Looking for a new job? Before you send your cover letter and résumé to a prospective employer, consider whether you’re really setting yourself apart from other candidates.
While the economy is improving, landing jobs — especially high-paying jobs on the Eastside — can be difficult, as competition is fierce. A glut of talented workers means most job openings are flooded by skilled applicants, and having a friend on the inside who can flag your application isn’t necessarily enough to give you an edge. My recent failed attempt to land a high-profile, high-paying gig at a local tech company where my friend was a marketing VP taught me this firsthand.
Landing a job is all about being able to sell yourself as a product and a brand. Says Lisa Quast, an Eastside-based certified executive coach and author of Secrets of a Hiring Manager Turned Career Coach: “Developing a personal brand is similar to the technique used by companies to brand products. The overall goal is to differentiate yourself (the product) from others so you can attain your objectives, such as landing a job or promotion. It isn’t a requirement as part of the job search process, but I’ve watched it work well to help job seekers stand out from the crowd.”
Quast likes to share the story of a former client who was working in a position that had nothing to do with her dream job of leading large, cross-function projects. “She had excellent skills in this area, as well as certifications in project management, process improvement, and Lean,” Quast says. “After going through the steps of personal branding, we rewrote her résumé and LinkedIn profile to repackage her experience and expertise, and then created a marketing plan with all the actions she could take to get herself known as a project management expert. Her personal branding efforts led to inquiries from recruiters through her LinkedIn account, more in-person job interviews, and eventually led to a project manager position at a company with great potential for her future career advancement.”
Quast’s advice helped the client drastically pivot and improve her career in a very meaningful and strategic way. But how does someone wake up one day —like Elle Woods did in Legally Blonde with her decision to suddenly go to law school — and decide to embark on an entirely different career path?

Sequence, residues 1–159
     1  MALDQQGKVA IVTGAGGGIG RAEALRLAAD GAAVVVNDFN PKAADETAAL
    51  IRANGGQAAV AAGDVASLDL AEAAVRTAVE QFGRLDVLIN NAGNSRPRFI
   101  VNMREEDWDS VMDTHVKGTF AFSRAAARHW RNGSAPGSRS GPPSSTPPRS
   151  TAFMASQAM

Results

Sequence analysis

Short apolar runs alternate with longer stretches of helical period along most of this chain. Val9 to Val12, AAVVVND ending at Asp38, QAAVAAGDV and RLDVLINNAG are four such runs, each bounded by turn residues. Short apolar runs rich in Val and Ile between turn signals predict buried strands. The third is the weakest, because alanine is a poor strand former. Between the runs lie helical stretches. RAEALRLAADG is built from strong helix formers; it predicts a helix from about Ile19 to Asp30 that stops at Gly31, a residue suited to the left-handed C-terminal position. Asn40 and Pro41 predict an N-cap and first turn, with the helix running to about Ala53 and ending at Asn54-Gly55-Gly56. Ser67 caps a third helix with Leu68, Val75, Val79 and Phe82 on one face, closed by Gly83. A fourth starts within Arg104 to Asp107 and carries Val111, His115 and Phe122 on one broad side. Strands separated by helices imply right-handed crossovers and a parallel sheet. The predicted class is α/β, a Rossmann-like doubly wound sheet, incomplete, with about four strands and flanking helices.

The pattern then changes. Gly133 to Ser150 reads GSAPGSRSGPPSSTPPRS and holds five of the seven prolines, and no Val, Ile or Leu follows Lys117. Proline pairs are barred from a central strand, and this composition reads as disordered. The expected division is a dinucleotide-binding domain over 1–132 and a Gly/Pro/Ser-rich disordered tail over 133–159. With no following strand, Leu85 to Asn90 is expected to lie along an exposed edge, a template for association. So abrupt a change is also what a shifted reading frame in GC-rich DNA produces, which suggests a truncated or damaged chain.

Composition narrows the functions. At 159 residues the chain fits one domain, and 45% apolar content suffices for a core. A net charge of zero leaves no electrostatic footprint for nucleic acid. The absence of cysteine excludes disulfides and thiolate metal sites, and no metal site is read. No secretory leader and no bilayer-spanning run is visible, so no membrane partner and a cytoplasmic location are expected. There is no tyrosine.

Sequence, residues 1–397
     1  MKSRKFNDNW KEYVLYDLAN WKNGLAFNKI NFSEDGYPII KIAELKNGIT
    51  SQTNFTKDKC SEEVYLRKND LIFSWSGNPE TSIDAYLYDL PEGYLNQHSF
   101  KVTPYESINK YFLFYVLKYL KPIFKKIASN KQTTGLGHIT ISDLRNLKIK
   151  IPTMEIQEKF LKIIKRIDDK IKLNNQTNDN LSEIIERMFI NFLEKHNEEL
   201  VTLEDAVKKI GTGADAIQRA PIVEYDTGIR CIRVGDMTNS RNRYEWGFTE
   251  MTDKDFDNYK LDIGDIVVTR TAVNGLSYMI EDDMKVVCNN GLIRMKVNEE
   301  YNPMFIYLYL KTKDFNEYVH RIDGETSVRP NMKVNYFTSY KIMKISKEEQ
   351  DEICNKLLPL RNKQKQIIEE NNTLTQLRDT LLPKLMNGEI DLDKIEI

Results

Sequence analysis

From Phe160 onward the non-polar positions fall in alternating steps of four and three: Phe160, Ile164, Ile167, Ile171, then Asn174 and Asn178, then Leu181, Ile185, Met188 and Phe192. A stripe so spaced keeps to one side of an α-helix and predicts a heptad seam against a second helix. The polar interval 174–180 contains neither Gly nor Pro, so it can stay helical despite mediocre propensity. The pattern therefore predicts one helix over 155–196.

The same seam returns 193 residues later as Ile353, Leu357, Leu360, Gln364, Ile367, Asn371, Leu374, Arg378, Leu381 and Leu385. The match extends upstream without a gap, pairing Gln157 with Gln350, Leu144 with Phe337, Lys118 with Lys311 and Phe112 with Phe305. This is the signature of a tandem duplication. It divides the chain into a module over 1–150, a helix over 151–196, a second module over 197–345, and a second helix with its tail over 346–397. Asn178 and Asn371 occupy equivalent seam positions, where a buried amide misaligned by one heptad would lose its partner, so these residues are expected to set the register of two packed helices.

And then how does one actually accomplish it?
Much of it starts with how you present yourself, especially on LinkedIn. Quast says major turnoffs for recruiters include incomplete profiles, those without a picture or a picture that lacks professional judgment, and bad grammar and spelling. It isn’t a contest of who’s the most creative in their use of LinkedIn; it’s about using the application to its full potential.
For those seeking a new profession, consider doing what Quast’s client did: Repackage your work history on LinkedIn so it reflects not just what you currently do, but what you aspire to do.
To better understand what it takes to adjust your personal brand, I recently sat down with Quast to discuss my own career. After talking for nearly two hours, I walked away with pages of advice. And I thought I had it all figured out!
If you are stuck in a job-searching rut, a career coach might be exactly what you need. “All the best athletes use coaches to help them excel in their area of expertise,” Quast says. “The same holds true for career coaches. They help clients excel in their careers.”
She notes, however, that “the key for people seeking a career coach is to find the most highly qualified person — someone who has ‘been there, done that.’ Look at the coach’s background and experience and determine if it fits your needs. For example, if your goal is to advance into an executive-level position for a multinational corporation, find career coaches who have done exactly that in their careers. If you’re entrepreneurial and thinking about starting your own business, look for career coaches who have started and grown several successful companies.”
Whether or not you work with a career coach, honing your personal brand is the most important thing to consider before you even think about pursuing your next opportunity. You don’t need to start a blog or hire a stylist at Nordstom (though I personally recommend and enjoy both on a regular basis), but your LinkedIn profile deserves attention. Make sure you a have a picture, the grammar is correct, and you have solid descriptions of every job you’ve held for the past five to 10 years. As Quast says, “Savvy job seekers understand that their LinkedIn profile is a great way to advertise and to provide information for recruiters and hiring managers about their background, accomplishments and the story of their work history.”
Don’t have a LinkedIn profile? Forget applying for jobs. Work on your LinkedIn brand now, and you’ll find your next job much faster — and it likely will come with a much higher salary.